One of the challenges facing c as it celebrates its 120 years anniversary this year is environmental pollution particularly from scrap metal, broken glass, builders’ rubble and plastic bags.
Other waste includes hazardous waste from factories, medical waste, discarded batteries and bottles. There is also the problem of open defecation and urination in the city. All this blights the slogans of hope such as the City of Gold or the City Of All Things Precious that the city has been called by.
Francistwn City Council (FCC) needs to invest much more money both on public education and a clean-up campaign if it is to deserve the slogans. According to Shashidhar Vinodhkumar of the Linkoping University in Sweden, solid dumping of waste and widespread littering has become a serious problem in the country in general.
Compounding the problem is that in Botswana, there is no proper waste management despite the existence of the Waste Management Act. The academic notes that in Botswana, waste is dumped into landfills without any recycling.
Lack of public awareness is one of the main problems with the country’s waste management programme. Vinodhkumar observes that, infrequent collection of waste, an improper waste management plan without recycling stations, the absence of public-private partnership between government and the private sector, all contribute to the failure to defeat the menace of littering in Francistown.
He also faults lack of public awareness as a major cause for indiscriminate littering. Not only is littering unsightly, it also has economic implications for the concerned place. Littering chases away investors and tourists both who want places that are clean, fresh and healthy to do business and visit.
Through its Vision 2022, Francistown wants to be an economic hub by 2022. The Managing Director of Sangwenu Environmental Consultancy, Unangoni Mangole, shares some of Vinodhkumar’s views on the flaws in waste management efforts of the country. “Lack of public education is a serious problem and we will not go anywhere until we get over this deficiency,” said Mangole.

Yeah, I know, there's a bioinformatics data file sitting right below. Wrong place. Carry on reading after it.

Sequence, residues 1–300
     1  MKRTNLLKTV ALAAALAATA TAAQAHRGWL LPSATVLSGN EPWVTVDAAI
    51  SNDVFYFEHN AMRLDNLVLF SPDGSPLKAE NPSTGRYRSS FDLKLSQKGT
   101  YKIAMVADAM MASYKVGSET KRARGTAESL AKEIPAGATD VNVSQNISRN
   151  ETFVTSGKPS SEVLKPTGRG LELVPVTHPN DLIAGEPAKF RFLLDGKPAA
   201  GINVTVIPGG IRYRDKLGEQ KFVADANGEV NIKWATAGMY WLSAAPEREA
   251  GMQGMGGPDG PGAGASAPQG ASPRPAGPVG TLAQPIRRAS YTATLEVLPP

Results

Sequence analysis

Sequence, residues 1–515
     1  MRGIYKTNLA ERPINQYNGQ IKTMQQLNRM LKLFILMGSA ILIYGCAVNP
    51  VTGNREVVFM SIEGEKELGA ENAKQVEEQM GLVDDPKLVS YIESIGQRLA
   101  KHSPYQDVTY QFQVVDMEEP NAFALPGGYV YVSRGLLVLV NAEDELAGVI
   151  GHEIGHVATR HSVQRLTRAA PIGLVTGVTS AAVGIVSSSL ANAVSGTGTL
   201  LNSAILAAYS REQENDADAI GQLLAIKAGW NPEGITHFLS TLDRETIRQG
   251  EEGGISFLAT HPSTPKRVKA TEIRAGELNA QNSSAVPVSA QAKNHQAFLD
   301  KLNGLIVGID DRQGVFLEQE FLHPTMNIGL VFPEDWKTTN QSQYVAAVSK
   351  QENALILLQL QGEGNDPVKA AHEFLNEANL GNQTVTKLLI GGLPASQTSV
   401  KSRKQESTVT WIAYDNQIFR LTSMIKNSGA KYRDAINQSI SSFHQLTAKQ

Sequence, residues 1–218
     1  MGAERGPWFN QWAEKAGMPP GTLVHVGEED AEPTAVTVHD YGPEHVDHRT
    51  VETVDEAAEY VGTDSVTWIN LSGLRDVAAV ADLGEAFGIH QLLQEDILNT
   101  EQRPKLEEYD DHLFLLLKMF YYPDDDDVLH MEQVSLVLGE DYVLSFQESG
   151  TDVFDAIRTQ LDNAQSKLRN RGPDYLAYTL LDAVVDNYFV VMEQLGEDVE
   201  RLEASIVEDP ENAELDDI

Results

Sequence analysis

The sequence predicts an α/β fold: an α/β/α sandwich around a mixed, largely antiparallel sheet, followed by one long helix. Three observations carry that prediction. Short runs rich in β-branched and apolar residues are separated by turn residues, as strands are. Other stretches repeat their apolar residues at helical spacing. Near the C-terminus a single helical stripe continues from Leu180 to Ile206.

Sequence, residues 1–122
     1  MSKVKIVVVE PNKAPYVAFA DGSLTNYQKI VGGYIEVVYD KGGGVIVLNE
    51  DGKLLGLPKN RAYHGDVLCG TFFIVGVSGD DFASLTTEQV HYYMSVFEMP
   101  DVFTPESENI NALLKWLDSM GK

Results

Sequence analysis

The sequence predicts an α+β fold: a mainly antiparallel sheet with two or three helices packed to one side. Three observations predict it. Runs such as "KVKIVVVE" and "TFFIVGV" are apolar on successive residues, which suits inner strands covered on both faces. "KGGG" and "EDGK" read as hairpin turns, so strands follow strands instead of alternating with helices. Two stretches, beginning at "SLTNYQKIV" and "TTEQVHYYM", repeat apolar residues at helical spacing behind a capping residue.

Although the law exists, there is a need for a change of mindset among the people. “People must not expect government to address this problem alone. There is this dependency syndrome where people expect government to even buy them litter bins. Our environment is finite hence the need for us to look after it,” explained Mangole adding that legislation is fine.
“It is important for us as individuals to understand the threat posed to our lives by environmental degradation and pollution,” said Mangole. He called for the involvement of stakeholders such as chiefs in the fight against environmental degradation. He says part of the solution to the menace of environmental degradation is to avoid the burning of litter.
“There is no need to burn biodegradable material such as grass or twigs for example in the name of cleaning the environment because, if you leave those items alone long enough, they will naturally be eaten by termites and disappear. There is no need to burn because that pollutes the environment,” said Mangole.
Mangole observed that, the private sector is also part of the problem when they should be part of the solution. “It is good that they recycle waste oil but some are guilty of spilling oil all over. We need as a country to improve our disposal system,” advised Mangole. He said there is very little that is happening in the way of recycling in Botswana.
“We also need to move away from plastic bags. We should avoid using them in the first place. They have done away with them in countries such as Uganda and the cities there are very cleaner. Filthy countries do not attract investment,” observed Mangole who thinks that, as part of education, stakeholders should invest more in competitions for cleanliness.
Just like indiscriminate dumping of waste, open defecation and urination are a problem in Francistown. For many people, it is a way of life to relieve oneself even in the back alleys of the mall which alleys have been turned into outdoor toilet streets. When asked why he thought people dropped their pants without thinking twice to bath walls with urine even a stone’s throw away from onlookers, a young man accused FCC of not providing the city with enough public toilets.
“The few that are available are too expensive at P2.00 for somebody like me who is unemployed,” he said anonymously. Toilets are an economic issue. “Those with power need public restrooms less and those with less power need them more.” The shortage of public toilets means that, taxi-men and women as well as vendors, visitors have got no choice but to urinate in public.